Legalise hunting wild animals that pose threat to humans: Madhav Gadgil

Ecologist Madhav Gadgil
Ecologist Madhav Gadgil. File photo: Manorama

Thiruvananthapuram: At a time when the man-tiger conflict is increasing in the northern districts of Kerala, environmental scientist Madhav Gadgil told Manorama News that killing wild animals, which are harmful to human lives, should be made legal. He opined that the control over hunting should be handed over to local self-governments.

He said, “Banning the hunting of wild animals that pose threat is not logical. It should be allowed outside national parks. Animals are facing issues like extinction due to problems like pollution.”

About 10 tigers are likely to stray into the inhabited areas in Wayanad, Aralam in Kannur soon, according to the Department of Forests and Wildlife.

A ‘new’ tiger was spotted near the farm in Aralam, recently. The huge tiger, which seemed to be aged 10 years, was not listed in the Forest Department’s database so far. The cameras set up by the department recorded the tiger twice. The Forest officials are pondering on further action as the animal has not been a trouble to the people so far.

As per the Forest Department’s data, there are about 80 tigers within the 344 square kilometres of Wayanad Wildlife Sanctuary. These are the ones recorded on the camera. There could be another 10 that have not been spotted in the camera.

Reasons for the frequent sightings of big cats

The tigers that reach Kerala are likely coming from the Nagarhole National Park, which is a Tiger Reserve, and the Bandipur National Park, both in Karnataka state.

Only two or three tigresses usually coexist in the territory of one male tiger. For another male tiger to enter this territory, it has to defeat the male tiger there.

The male tigers which are thus injured and defeated usually relocate to areas where they get their prey without much of a struggle. The cubs also get similarly ostracised from the streak once they enter adulthood.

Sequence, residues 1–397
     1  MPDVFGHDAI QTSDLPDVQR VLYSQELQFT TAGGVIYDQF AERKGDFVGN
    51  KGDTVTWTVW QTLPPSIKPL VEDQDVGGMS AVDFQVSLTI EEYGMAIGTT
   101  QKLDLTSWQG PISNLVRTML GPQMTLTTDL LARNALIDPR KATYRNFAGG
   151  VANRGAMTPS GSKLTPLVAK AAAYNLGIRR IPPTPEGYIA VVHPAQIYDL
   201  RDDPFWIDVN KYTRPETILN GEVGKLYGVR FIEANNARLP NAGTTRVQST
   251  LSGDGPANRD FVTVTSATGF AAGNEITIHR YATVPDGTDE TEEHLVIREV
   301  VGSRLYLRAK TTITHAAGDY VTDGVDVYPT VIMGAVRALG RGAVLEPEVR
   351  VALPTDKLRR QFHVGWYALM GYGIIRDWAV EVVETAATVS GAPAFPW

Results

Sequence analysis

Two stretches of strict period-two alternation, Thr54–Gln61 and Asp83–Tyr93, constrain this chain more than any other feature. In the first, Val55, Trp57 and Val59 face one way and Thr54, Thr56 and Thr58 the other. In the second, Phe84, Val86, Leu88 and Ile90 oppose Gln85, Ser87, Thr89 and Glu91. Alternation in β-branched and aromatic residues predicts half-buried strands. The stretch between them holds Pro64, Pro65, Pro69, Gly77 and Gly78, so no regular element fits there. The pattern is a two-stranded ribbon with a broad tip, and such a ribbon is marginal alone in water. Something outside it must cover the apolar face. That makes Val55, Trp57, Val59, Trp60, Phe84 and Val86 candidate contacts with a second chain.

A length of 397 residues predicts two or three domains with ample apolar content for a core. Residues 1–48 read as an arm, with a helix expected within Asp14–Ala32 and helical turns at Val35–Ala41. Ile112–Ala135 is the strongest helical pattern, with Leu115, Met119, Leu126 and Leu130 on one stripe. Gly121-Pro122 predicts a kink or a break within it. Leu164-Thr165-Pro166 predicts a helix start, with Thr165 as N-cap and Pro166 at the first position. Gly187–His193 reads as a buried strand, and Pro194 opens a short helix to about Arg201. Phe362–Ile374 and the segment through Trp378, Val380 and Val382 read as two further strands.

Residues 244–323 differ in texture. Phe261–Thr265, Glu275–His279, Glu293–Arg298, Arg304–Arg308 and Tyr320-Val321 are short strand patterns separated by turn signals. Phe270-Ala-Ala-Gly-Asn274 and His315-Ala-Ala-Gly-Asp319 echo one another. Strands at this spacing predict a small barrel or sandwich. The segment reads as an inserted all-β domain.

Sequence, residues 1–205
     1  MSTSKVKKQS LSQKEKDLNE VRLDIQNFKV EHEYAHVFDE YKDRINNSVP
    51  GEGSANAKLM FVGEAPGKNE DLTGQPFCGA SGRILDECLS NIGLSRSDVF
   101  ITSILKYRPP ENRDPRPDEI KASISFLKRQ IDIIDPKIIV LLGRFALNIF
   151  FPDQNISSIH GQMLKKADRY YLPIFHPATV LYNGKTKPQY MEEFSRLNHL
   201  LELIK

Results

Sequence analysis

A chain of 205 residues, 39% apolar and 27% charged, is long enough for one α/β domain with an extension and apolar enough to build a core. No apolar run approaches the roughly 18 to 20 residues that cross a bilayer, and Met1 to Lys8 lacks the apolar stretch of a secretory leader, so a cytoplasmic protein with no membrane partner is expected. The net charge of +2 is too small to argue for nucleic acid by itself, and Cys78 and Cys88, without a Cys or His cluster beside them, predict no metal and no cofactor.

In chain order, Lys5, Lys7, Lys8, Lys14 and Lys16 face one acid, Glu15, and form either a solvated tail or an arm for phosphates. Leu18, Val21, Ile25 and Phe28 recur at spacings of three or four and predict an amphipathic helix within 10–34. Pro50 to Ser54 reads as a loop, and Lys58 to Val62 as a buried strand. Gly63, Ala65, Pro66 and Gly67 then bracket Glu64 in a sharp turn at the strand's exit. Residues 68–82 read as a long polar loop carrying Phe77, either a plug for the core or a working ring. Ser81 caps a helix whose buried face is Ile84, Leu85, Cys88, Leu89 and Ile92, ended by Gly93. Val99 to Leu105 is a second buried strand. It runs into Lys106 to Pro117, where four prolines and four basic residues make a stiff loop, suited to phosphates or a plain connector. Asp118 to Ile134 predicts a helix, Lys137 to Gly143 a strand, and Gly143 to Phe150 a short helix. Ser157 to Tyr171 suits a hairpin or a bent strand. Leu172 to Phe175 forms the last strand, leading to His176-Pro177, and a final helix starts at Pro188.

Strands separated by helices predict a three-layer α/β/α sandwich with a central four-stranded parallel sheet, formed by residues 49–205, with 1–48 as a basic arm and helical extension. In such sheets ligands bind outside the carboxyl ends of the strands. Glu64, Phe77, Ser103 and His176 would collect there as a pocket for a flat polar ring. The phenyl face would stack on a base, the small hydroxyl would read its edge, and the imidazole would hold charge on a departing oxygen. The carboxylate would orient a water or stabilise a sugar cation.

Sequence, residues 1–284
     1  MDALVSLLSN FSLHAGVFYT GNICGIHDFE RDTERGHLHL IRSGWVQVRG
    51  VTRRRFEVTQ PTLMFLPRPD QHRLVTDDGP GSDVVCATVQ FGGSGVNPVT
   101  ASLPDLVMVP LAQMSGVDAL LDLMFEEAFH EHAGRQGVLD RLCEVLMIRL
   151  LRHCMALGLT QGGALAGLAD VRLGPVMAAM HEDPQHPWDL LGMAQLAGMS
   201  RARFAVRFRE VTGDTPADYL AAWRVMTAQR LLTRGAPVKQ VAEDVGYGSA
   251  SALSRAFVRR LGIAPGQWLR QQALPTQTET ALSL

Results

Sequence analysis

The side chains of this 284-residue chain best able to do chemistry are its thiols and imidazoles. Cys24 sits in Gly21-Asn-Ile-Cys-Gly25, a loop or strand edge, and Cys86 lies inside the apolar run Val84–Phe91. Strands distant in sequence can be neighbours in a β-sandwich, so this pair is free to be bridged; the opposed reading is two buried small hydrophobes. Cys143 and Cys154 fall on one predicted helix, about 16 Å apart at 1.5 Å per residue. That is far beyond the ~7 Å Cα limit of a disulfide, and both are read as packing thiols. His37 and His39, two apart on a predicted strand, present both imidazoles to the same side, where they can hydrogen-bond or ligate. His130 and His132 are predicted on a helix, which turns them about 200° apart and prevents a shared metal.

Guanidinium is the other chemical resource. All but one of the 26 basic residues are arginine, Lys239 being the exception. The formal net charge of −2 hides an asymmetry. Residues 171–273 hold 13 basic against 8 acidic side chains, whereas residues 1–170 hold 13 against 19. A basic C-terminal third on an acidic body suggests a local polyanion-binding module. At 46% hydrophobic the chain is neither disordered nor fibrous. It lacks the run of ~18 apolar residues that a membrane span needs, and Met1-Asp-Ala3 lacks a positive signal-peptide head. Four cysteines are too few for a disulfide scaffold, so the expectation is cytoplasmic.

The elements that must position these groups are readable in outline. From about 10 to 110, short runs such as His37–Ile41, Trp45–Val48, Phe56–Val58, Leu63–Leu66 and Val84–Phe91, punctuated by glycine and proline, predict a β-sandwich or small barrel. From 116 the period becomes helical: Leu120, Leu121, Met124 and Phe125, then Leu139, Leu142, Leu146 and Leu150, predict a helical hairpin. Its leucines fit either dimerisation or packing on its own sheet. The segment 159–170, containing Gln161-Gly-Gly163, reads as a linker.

When the new adults try to establish their territories, the wilds of Wayanad turn out to be a perfect battleground, especially during the months from November to March, when the tigers look for their mates. People letting the cattle graze close to the wilds in such areas also attract the tigers out of the wilds.

A tigress needs 25 sq km, while a tiger needs 80 sq km. In short, there is a triple the number of tigers that can be contained in the wilds of Wayanad. Nevertheless, a proportionate number of deer and bison are also there for the tigers to prey on.

There are more tigers in Wayanad than the wilds can contain. However, as there is sufficient prey including deer and bison, the increase in the number of tigers here does not cause much of a headache, Forest officials said.

Six tigers were captured from the inhabited areas of Wayanad over the past ten months. One died, and five have been taken to the rescue centre.

The tiger which was a headache for the forest officials at Kurukkan moola for months together had a serious injury on its neck. Another one captured after that had lost one tooth. Yet another tiger had a critical wound on its limb. The fifth tiger captured was taken to the rescue centre at Wayanad Kuppadi yesterday. This centre can only accommodate four tigers and two leopards.

The Wildlife Warden can only give orders to capture the tigers that are a danger to human life using tranquiliser shots. Another challenge is where to release the tigers thus captured.

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